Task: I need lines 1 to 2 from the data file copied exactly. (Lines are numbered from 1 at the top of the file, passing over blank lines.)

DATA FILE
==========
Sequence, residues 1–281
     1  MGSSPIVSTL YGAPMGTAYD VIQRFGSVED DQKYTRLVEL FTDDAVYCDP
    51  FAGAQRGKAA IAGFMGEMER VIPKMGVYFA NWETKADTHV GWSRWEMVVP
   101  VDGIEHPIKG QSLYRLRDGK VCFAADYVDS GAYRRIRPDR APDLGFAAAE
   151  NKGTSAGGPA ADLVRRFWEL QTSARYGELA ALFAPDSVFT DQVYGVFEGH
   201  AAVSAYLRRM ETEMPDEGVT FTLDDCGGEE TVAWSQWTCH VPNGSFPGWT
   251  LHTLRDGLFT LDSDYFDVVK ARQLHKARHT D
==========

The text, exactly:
Sequence, residues 1–281
     1  MGSSPIVSTL YGAPMGTAYD VIQRFGSVED DQKYTRLVEL FTDDAVYCDP